Women are still going backwards and in high heels, but not in a good way. According to recent stats–women TV writers are losing ground. I just perused the Emmy website and counted only fourteen women’s names among the writing nominees. Most were on comedy-variety shows where there are like eighteen guy staffers names versus one or two girl names.
Am I crazy for asking: Why aren’t half or more of all TV writers women? We’ve been waiting forty years.
The year I won my Emmy in 1974 for writing the Lily Tomlin Special, more women won writing Emmys than in the history of the TV Academy. Almost half the writers on Lily were women. I was also a Mary Tyler Moore and a Maude writer, both were shows that hired many women writers. It was the height of the women’s movement.
There were around a dozen of us women writing sitcoms. Our unique status drew us together. We bonded. We held consciousness-raising parties and got enlightened. We founded the Women’s Committee of the Writers Guild. We were the first members of Women in Film. Our mantra was “Sisterhood is Power!”
When scientists discovered women were 51% of the population, I assumed TV writing staffs would be half female within two years at the most. We were drunk with empowerment; that’s how almost-equal we felt.
In the mid-seventies women writers were Hollywood’s newest novelty. Every show wanted one – but only one – as it turned out. After Mary and Lily, I was the only woman in the writers’ room AKA the Frat House for the next ten years of my comedy writing career. I was also a feminist in the frat house. Luckily, I had an older brother who threw a Lionel train at me and taught me everything there was to know about armpit farts, or I never would have survived.
Even though we were to quote Helen Reddy “Strong, Invincible, Wo-maaan,” gaining our rightful equality is taking longer than anticipated. I don’t know why. All women had to do was convince men to give us half of all their jobs, pay us equally, and wash their own goddamn socks.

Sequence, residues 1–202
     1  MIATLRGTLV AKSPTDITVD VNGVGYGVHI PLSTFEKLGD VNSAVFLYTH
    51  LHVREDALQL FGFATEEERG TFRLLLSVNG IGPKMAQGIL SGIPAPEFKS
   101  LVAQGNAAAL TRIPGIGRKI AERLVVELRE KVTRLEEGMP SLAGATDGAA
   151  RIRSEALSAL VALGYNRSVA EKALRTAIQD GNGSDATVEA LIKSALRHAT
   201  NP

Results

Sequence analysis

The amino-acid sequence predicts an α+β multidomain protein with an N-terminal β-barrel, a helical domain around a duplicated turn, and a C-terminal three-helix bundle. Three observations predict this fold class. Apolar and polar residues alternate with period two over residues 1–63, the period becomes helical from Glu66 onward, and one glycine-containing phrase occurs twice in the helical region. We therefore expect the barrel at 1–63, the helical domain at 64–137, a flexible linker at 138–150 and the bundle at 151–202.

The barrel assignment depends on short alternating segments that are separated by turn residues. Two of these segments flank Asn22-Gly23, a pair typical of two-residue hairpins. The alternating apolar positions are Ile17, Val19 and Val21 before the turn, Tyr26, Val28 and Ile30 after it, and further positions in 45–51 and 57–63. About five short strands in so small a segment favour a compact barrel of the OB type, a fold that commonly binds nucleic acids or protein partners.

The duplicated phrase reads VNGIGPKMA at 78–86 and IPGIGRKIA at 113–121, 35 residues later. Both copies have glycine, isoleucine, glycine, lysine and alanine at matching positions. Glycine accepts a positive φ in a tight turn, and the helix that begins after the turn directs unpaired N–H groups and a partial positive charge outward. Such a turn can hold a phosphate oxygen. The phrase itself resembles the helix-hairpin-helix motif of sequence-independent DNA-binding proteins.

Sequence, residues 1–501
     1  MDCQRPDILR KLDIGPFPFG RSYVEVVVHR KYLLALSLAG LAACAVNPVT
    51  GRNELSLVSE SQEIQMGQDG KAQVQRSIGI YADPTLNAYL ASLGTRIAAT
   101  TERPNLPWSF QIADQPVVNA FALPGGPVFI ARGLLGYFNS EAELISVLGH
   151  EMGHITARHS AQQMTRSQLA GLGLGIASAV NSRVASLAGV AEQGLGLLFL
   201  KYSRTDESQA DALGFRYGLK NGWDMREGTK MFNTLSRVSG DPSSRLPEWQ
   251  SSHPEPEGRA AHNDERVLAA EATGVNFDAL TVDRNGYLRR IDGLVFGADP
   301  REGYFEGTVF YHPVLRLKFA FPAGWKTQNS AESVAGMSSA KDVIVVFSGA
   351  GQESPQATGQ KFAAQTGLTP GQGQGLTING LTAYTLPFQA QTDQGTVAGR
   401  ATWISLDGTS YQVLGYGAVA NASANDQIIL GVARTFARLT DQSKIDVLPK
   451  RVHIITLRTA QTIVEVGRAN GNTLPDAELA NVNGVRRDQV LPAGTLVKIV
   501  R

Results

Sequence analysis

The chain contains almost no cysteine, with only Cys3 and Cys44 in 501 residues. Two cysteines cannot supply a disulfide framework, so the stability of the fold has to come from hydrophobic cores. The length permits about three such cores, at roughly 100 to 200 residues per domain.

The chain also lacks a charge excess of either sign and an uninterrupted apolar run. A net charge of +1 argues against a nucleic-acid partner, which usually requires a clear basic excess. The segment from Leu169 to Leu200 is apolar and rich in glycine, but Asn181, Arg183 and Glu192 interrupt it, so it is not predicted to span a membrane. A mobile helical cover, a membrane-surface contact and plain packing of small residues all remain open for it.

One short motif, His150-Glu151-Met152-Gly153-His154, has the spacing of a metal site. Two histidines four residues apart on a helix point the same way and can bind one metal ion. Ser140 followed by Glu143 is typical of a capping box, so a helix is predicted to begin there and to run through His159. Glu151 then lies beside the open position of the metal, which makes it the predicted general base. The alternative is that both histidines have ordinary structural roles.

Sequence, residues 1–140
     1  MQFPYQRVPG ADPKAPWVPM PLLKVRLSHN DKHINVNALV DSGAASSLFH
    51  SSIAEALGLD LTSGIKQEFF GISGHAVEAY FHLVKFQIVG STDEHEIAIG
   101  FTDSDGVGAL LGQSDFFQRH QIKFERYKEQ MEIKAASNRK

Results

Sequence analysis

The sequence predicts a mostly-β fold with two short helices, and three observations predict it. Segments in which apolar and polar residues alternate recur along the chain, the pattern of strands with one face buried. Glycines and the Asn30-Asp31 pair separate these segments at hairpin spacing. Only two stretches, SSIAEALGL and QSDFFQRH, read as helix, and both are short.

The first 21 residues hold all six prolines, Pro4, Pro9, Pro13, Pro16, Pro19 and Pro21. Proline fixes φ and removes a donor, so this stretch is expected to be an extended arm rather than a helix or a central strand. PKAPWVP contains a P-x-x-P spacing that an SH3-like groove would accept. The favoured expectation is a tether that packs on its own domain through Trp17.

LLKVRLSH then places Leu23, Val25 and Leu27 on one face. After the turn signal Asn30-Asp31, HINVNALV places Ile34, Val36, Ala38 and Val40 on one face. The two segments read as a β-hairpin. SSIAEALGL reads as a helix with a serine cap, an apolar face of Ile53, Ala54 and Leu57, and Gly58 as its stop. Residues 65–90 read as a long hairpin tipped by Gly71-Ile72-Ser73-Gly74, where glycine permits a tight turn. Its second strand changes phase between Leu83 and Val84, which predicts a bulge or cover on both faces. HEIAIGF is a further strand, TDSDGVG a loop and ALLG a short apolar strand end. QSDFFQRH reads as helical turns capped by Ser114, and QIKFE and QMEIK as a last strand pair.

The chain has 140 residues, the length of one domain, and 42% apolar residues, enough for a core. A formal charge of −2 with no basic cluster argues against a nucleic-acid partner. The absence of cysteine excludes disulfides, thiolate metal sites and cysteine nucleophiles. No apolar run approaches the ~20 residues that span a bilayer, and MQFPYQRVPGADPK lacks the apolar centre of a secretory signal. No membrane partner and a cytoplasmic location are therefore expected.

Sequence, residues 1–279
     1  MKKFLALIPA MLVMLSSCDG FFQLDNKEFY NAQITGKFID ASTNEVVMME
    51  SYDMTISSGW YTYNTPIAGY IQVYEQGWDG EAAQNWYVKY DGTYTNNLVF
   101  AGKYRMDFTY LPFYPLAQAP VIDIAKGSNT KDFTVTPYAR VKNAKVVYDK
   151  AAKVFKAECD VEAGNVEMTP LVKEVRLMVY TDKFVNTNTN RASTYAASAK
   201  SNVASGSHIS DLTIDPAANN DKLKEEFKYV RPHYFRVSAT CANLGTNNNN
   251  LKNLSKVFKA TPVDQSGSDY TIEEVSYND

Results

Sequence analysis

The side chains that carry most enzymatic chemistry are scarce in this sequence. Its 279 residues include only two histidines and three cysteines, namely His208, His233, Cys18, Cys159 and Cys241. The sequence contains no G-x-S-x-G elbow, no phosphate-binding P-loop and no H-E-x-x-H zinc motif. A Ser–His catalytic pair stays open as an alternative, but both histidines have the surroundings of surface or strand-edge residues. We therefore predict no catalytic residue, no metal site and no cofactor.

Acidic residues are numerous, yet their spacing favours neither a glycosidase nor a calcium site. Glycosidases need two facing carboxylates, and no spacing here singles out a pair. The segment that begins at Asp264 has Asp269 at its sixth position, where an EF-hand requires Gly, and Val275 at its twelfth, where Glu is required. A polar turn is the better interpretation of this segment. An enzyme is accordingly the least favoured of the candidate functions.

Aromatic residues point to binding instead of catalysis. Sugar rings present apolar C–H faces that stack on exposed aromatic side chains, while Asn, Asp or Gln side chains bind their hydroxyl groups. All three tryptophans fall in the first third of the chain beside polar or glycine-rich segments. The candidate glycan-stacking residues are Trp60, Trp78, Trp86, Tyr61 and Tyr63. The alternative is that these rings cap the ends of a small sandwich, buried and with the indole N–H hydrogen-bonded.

One main reason women TV writers struggled for our equality after our auspicious beginning was that in 1978 TV shows went from being largely freelance written to staff written. The (male) powers that be liked our writing, but sitting shoulder-to-shoulder for twelve hours a day apparently was just too much estrogen, even on shows starring women.
Flash Forward: Two years ago I received a desperate email from a lone-woman writer on a new sitcom. She asked my opinion about whether she should file a harassment lawsuit with the EEOC. (P.S. There was no word for harassment when I entered the workplace.) Her complaints? Too much “unnecessary swearing.” The clincher: one of her co-writers shoved her head towards his crotch in a mock blow-me joke. Although I never experienced this particular rudeness, politeness and decorum definitely diminish in a room where comedy is being created and people become punch-drunk from exhaustion. That's why they call it a Frat House.
When she complained about the swearing, it meant she clearly wasn't one of the boys, was too soft for the job and wanted them to play by her rules even though she was in the minority. That said, touching her in any way–especially pushing her head down–was WAY over the line. I suspect she lost the guys' respect long before that.
In 1984, I was on the writing staff of The Cosby Show. We were a writing staff of four–two women and two men. But we still weren't 50% because my writing partner and I were sharing a salary and technically each only counted as half a woman.
So where women are today? The Center for the Study of Women in Television stated,
The percentage of women working as writers on broadcast programs plummeted this season, declining from 29% in 2009-2010 to 15% in 2010-2011.
So, television is still a man’s world. I blame the 18-to-34 dude demographic and the advertisers who love them. It’s always safer to develop a male TV show because women will watch Tosh.O but guys aren’t going to watch The Mindy Project.
Sisters, don’t take sexual discrimination lying down! Here's some advice for women writers to get more TV staffing jobs:
1. Grow a penis
2. Partner with a male writer
3. Show you’re a good sport
4. Write for female/family shows
5. Create your own fabulous show
Back in the day a woman had to be twice as good as a man to succeed in her job. That’s still true. I hope the success of the Lena Dunham generation will send a message to our industry of dunces and dude worshippers that says—if you want good writing, hire a woman. I hope the pool of excellent women writers grows and eventually those women move up and recruit their most talented writer girlfriends and on and on until the Hollywood Old Girls’ Club topples the Old Boys’ Club once and for all.
Karyl Miller is an Emmy-winning writer, author of Having it All in Hollywood and editorial cartoonist. You can find her at her website, MillerReport.com.